If you’ve got a longer goatee length, you may not feel comfortable using an electric trimmer or clipper. These do carry a real risk of trimming off too much bulk if you aren’t careful.
You may want to simply neaten the outline of your long goatee and trim any stray hairs sticking out. The best way of doing this would be to use a pair of beard scissors. You’ll have much more control, although it’s certainly more time-consuming.
If all you’re doing is neatening up with scissors, this is usually best done after you sculpt your goatee outline in step 2. This is in contrast to shorter goatee lengths, where it’s a better idea to trim with clippers or trimmers before you start sculpting your goatee outline.
2. Trim the goatee edges and cheeks
It’s now time to actually form the shape of the goatee itself. In other words, sculpt the goatee.
To trim the sides of your goatee, follow the natural extension of the mustache downward on either side. This should ensure that the sides aren’t too vertical and the goatee doesn’t become too narrow.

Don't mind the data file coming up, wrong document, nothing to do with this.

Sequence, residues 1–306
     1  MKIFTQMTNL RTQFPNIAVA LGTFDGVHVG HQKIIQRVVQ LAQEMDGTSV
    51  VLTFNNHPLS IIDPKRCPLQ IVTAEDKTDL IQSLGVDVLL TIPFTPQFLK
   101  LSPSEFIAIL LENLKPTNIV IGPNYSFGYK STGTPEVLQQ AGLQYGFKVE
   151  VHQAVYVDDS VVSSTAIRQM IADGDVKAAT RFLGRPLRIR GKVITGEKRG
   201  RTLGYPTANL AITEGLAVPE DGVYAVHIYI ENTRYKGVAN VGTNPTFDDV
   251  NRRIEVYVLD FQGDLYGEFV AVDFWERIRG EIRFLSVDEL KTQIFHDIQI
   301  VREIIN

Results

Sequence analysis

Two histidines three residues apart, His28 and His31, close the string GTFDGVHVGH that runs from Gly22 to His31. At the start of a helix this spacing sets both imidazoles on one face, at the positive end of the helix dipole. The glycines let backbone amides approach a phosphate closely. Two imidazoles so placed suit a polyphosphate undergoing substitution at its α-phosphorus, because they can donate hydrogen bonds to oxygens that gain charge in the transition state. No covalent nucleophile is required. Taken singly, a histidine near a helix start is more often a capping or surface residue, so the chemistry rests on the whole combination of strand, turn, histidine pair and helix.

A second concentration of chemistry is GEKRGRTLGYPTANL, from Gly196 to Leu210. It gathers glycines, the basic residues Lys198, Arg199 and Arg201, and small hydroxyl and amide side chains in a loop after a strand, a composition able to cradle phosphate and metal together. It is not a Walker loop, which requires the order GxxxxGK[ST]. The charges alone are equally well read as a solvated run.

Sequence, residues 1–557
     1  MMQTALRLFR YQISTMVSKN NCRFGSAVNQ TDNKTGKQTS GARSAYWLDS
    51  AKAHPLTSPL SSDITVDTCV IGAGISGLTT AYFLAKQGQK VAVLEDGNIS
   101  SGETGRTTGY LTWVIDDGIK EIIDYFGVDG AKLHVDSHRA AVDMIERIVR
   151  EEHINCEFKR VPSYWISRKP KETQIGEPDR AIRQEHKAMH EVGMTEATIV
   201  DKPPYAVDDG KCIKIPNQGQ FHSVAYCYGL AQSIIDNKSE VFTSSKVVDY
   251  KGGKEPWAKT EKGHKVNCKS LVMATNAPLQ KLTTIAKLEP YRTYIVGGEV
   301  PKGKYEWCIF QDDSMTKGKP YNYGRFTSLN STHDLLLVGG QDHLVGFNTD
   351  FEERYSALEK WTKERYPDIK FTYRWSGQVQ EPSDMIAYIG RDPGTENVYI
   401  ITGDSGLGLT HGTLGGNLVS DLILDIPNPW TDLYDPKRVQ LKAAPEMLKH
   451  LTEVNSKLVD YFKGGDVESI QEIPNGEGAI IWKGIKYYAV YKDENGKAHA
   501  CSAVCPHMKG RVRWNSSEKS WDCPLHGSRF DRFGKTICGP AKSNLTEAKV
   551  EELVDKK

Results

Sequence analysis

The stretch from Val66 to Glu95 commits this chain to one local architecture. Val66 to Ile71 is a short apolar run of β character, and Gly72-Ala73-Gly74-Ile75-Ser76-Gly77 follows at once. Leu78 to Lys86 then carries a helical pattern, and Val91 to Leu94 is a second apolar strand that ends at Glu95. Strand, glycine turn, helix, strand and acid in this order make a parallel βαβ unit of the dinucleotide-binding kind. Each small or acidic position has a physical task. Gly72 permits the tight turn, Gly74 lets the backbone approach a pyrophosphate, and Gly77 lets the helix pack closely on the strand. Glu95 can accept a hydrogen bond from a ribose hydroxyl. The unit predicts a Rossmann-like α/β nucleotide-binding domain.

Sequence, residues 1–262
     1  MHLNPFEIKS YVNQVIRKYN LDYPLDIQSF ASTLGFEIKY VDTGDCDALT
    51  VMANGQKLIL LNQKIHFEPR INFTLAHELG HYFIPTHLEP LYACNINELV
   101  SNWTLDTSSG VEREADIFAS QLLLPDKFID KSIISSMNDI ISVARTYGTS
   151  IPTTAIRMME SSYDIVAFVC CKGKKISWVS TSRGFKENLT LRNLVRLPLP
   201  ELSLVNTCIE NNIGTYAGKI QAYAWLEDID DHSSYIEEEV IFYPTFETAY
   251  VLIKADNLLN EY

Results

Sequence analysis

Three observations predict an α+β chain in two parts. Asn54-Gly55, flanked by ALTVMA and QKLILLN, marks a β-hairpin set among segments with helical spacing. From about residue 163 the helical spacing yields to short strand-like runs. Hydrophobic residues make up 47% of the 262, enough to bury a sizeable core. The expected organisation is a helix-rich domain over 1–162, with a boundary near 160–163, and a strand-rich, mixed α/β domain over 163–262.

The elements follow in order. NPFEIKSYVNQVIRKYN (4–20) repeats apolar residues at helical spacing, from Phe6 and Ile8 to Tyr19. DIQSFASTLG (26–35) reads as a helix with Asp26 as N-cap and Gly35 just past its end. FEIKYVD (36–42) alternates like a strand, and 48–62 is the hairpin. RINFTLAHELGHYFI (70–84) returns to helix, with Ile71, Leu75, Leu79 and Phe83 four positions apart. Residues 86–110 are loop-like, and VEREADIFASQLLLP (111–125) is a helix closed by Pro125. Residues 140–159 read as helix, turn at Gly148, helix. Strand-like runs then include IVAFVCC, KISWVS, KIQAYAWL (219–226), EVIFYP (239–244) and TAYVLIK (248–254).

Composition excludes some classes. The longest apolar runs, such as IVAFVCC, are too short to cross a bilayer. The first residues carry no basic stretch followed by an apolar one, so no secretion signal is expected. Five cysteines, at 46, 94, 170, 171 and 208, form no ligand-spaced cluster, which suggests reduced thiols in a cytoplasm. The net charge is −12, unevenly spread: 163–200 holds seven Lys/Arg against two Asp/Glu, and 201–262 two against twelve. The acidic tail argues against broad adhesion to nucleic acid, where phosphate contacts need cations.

To trim the outline of your goatee, an electric device will be necessary. It doesn’t need to be fancy, although a T-blade would be ideal. Simply use the naked blade of your clipper or trimmer to trim the outline of the goatee sides you visualized using the method above.
Follow the natural curve of your mustache downward until you meet the jawline.
Then, trim your cheeks down using the naked blade of your device. You’ll probably want to remove all of it, as goatees traditionally don’t include any cheek hair. There are, however, exceptions such as the goatee with stubble.
At this point, you’ll want to decide whether or not to remove or keep the soul patch. If you choose to keep it, make a point to trim the stray hairs either side of it and beneath it. This will enhance the appearance of the goatee very significantly.
3. Carve out a solid neckline
How important this step is also depends on the goatee length. Longer goatees with long chin beards flowing downward do obscure the neckline and so make it less visible. In these cases, it may not be as important to trim a good neckline, but it still is important.
A good neckline usually lies around two finger-widths above the Adam’s Apple. This isn’t a hard-and-fast rule, but it’ll probably serve you well.
A goatee neckline is usually narrow – well, as narrow as the goatee itself. But still, make a point to maintain it. Trim it using the naked blade of your device again, and proceed to remove any hair and neck stubble that lies beneath it.